2011: An Interesting Number?

Yesterday there was a fair bit of comment on Twitter about how 2011 is the sum of 11 consecutive prime numbers.

Which was nice.


The entrance doors to Kirkconnel Parish Church

The entrance doors to Kirkconnel Parish Church

? Copyright Walter Baxter and licensed for reuse under this Creative Commons Licence

But is this the only reason why 2011 is an interesting number? Hell, no. Here are a few more of the qualities that 2011 possesses.

  1. It is a prime number, n such that 2n-1 is also prime. So if you double 2011 and take one away you get 4021, which is also a prime number. The last time this happened was in 1867.
  2. It is a toothpick prime. Toothpick numbers are created by imagining that you are putting toothpicks on a table according to certain rules. Here is a really good simulation of toothpick sequences, they display some lovely symmetries and look a bit fractally at times. 1871 was the last year that was a toothpick prime. The next one will be in 2731.
  3. It is a number that eventually reaches 1 under “x -> sum of cubes of digits of x”. So, you cube each of the digits of a number and add them together, then repeat with the result you obtain. Now, most numbers immediately start to increase quite dramatically under this rule, but 2011 becomes 2^3 + 0 + 1 + 1 = 8+1+1 = 10 and 10 becomes 1. The last year this was true was 1981 and it won’t happen again until 2101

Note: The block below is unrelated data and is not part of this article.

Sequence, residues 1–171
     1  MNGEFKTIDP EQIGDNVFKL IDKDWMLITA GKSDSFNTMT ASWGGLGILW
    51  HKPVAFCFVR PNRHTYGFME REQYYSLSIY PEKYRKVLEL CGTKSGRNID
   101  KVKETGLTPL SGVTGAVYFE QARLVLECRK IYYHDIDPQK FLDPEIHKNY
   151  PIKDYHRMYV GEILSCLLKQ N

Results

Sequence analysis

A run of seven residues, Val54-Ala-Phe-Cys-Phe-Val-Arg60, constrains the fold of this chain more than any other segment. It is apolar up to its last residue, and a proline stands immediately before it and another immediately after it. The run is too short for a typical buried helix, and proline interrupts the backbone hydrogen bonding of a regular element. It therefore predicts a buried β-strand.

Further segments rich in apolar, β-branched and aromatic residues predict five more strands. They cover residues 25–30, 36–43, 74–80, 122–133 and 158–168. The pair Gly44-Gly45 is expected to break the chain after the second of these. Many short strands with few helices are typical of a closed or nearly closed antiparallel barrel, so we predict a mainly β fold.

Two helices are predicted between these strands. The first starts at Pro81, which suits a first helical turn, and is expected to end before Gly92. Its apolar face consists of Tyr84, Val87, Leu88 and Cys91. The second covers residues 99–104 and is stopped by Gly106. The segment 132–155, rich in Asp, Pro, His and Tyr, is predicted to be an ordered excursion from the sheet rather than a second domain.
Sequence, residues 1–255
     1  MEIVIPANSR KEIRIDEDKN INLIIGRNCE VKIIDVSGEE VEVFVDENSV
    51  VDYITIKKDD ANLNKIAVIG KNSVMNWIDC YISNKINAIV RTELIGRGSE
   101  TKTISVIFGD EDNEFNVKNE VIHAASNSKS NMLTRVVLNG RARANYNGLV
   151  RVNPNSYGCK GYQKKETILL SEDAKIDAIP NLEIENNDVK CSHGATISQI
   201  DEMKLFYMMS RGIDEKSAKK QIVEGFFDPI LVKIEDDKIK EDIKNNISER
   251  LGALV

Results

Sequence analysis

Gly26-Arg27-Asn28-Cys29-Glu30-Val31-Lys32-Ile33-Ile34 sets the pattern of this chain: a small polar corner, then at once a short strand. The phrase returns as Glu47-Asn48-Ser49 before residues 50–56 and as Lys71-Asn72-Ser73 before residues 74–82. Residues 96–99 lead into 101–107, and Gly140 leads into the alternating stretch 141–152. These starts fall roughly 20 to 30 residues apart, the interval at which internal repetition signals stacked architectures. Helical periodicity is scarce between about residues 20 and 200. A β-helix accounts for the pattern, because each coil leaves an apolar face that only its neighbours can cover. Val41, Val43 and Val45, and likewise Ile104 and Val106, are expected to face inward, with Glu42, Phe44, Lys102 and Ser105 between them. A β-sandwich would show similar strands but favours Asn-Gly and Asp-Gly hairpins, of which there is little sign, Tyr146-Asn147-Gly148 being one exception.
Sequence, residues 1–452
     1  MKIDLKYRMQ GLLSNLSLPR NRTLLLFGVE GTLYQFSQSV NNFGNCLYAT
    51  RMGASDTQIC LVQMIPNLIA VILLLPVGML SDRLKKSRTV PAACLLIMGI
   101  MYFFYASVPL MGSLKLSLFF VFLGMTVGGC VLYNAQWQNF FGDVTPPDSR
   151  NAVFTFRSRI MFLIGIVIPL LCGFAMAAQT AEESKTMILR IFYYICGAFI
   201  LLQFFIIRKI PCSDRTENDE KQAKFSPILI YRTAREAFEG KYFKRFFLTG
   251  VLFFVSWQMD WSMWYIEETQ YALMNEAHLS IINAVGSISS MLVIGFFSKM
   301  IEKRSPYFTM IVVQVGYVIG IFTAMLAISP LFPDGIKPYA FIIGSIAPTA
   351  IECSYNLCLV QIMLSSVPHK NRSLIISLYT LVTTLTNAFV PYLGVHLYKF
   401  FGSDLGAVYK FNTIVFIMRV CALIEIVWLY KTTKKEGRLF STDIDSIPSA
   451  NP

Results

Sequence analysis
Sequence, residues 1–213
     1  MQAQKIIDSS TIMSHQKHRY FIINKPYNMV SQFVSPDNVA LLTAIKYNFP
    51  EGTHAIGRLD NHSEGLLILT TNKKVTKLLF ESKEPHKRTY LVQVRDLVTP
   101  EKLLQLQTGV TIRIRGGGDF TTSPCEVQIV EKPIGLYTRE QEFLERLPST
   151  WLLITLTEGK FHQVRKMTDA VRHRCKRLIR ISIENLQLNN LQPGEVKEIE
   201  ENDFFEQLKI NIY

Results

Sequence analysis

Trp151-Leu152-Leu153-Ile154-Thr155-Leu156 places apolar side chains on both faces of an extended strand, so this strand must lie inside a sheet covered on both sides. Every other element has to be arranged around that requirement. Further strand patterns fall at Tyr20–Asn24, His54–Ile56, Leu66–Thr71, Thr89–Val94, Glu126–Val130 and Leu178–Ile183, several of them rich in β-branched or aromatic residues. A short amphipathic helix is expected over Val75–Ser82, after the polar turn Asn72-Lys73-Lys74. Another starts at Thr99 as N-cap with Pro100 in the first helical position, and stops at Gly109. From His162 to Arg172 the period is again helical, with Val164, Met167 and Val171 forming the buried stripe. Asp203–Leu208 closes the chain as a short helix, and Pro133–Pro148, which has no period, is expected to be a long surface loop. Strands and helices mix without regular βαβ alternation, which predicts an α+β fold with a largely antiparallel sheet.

4. It is a prime, p such that p+1 is divisible by each digit in p. So, if you add 1 to 2011 you get 2012 which is divisible by 0,1 and 2. Now, this doesn’t look too special at first, but although it last happened in 2003 it won’t be true again until 2063. So, savour it while you can

And there are loads more qualities that 2011 has. If you’ve made it this far down then you probably won’t be surprised that you can find an interesting quality or two about nearly any number. In order to find the four above I searched the Online Encyclopaedia of Integer Sequences, where 2011 is listed in 401 different sequences. In fact, you have to get to the number 11630 until you reach a number not listed in any sequence.

So, does this mean that we will have to wait until the year 11630 to have an uninteresting number?

Well no, because mathematicians have found a nice little paradox. The Interesting Number Paradox to be precise, which states that all numbers are interesting. Even if they aren’t.

It runs like this. You can define what is interesting or uninteresting however you like. Once you have done this you have a set of interesting numbers and a set of uninteresting numbers. In the uninteresting set there is one number which is the lowest value. Hey presto, you’ve just found something interesting about it!

Now, bung that number in the interesting set and go back to the uninteresting set. There’s a new value which is now interesting by virtue of being the lowest uninteresting number. And in this way you can move up through the uninteresting number set until all of them are interesting.

So, every new year we should expect to have have a round of Tweets expressing at least one wonderful property of the year’s value. I for one look forward to that.

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  • *ahem* the *sum* of 11 consecutive primes, not the product of them… 🙂

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  • Ooops!! Thank you, I’ve corrected the text now.

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